The material 82 remaining over active area locations 66 and 68 may be considered to define upwardly projecting gate pillars 84 and 86.

Referring to FIG. 13, materials 70 and 78 are selectively recessed relative to material 82. Such leaves gaps (or openings) 88, 90 and 92 adjacent upper regions of the upwardly extending gate pillars 84 and 86.

Referring to FIG. 14, gate material 82 is shown converted to an electrically conductive material. Such may be accomplished by conductively-doping a semiconductor material 82. Such conductive doping may comprise an implant of any suitable dopant or combination of dopants into semiconductor material 82.

Dielectric material 94 and control gate material 96 are formed over upwardly extending gate pillars 84 and 86, and within gaps 88, 90 and 92. In some embodiments, the dielectric material 94 may be considered to be formed within the gaps to narrow the gaps, and the control gate material 96 may be considered to be deposited within the narrowed gaps.

The dielectric material 94 may comprise any suitable composition or combination of compositions, including, for example, the compositions discussed above with reference to prior art dielectric material 34. The control gate material 96 may comprise any suitable composition or combination of compositions, including, for example, the compositions discussed above for prior art control gate material 36.

The upwardly projecting gate portions 84 and 86 correspond to floating gates of nonvolatile memory. The upwardly projecting gate portion 84 may be considered to be a floating gate of a first flash device 100 comprising gate portion 84 in combination with dielectric material 94 and control gate material 96; and upwardly projecting gate portion 86 may be considered to be a floating gate of a second flash device 102 comprising gate portion 86 in combination with dielectric material 94 and control gate material 96. Due to the entirety of the floating gates being formed between the spacers 80 (FIGS. 11 and 12), the entirety of the floating gates may have a sub-lithographic width (or in other words, a width less than the minimum feature size achievable by a lithographic process utilized to form the resist mask 58 of FIG. 5).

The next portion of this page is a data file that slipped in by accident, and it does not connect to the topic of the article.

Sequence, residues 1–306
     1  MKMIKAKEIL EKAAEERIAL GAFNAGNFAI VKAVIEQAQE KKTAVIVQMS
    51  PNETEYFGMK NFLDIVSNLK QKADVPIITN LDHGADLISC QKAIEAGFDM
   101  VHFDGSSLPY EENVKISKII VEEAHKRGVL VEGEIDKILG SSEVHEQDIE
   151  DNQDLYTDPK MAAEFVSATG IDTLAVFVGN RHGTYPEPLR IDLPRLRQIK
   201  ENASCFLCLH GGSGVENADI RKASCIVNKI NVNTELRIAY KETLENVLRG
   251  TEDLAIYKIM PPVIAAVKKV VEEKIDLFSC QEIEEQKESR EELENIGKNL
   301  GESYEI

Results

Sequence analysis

The floating gates have widths 89 (labeled for one of the gates) and heights 91 (labeled for the other of the gates). In some embodiments, the widths may be from about 10 nanometers to about 35 nanometers, and the heights may be greater than or equal to about 30 nanometers, with typical heights being from about 50 nanometers to about 75 nanometers.

The active areas within locations 66 and 68 have widths 97 along the top surface of base 52 within the active areas. Such widths may be less than or equal to about 50 nanometers, and may be about 35 nanometers in some embodiments. Accordingly, the widths 89 of the floating gates may be significantly less than the widths of the active areas along the cross-section of FIG. 14.

The cross-section of FIG. 14 may be considered to define an axis; and accordingly the widths of the floating gates may be considered to be less than the widths of the active areas along such axis.

The active areas within locations 66 and 68 may be considered to be neighboring active areas, or more specifically to be immediately adjacent one another. The active areas within locations 66 and 68 are separated from one another by a first distance 93 (with the distance 93 being the furthest distance between the active areas, and with it being understood that active areas may be vertically sloped so that some portions of adjacent active areas are closer to one another than other portions). The upwardly projecting gate portions 84 and 86 may be considered to correspond to immediately adjacent floating gates; with one of the floating gates being associated with the active area at location 66, and the other being associated with the neighboring active area at location 68. The upwardly projecting gate portions 84 and 86 are separated from one another by a second distance 95 which is greater than the first distance 93.

In some embodiments, first distance 93 may be less than or equal to 35 nanometers, and second distance 95 may be at least 45 nanometers. In such embodiments, second distance 95 may be considered to be at least about 10 angstroms greater than first distance 93; or alternatively to be at least about 25% greater than first distance 93. In contrast to the prior art construction of FIG. 2 comprising the inverted “T”-shaped floating gate, the embodiment of FIG. 14 may be considered to comprise an “I”-shaped floating gate. This advantageously provides an entirety of a floating gate to be spaced from an adjacent floating gate by a desired distance, rather than only spacing the top portion of the floating gate from the adjacent floating gate by the desired distance.

Although only two flash memory constructions are shown in FIG. 14, it is to be understood that a large number of the flash memory constructions may be simultaneously fabricated to form a flash memory array.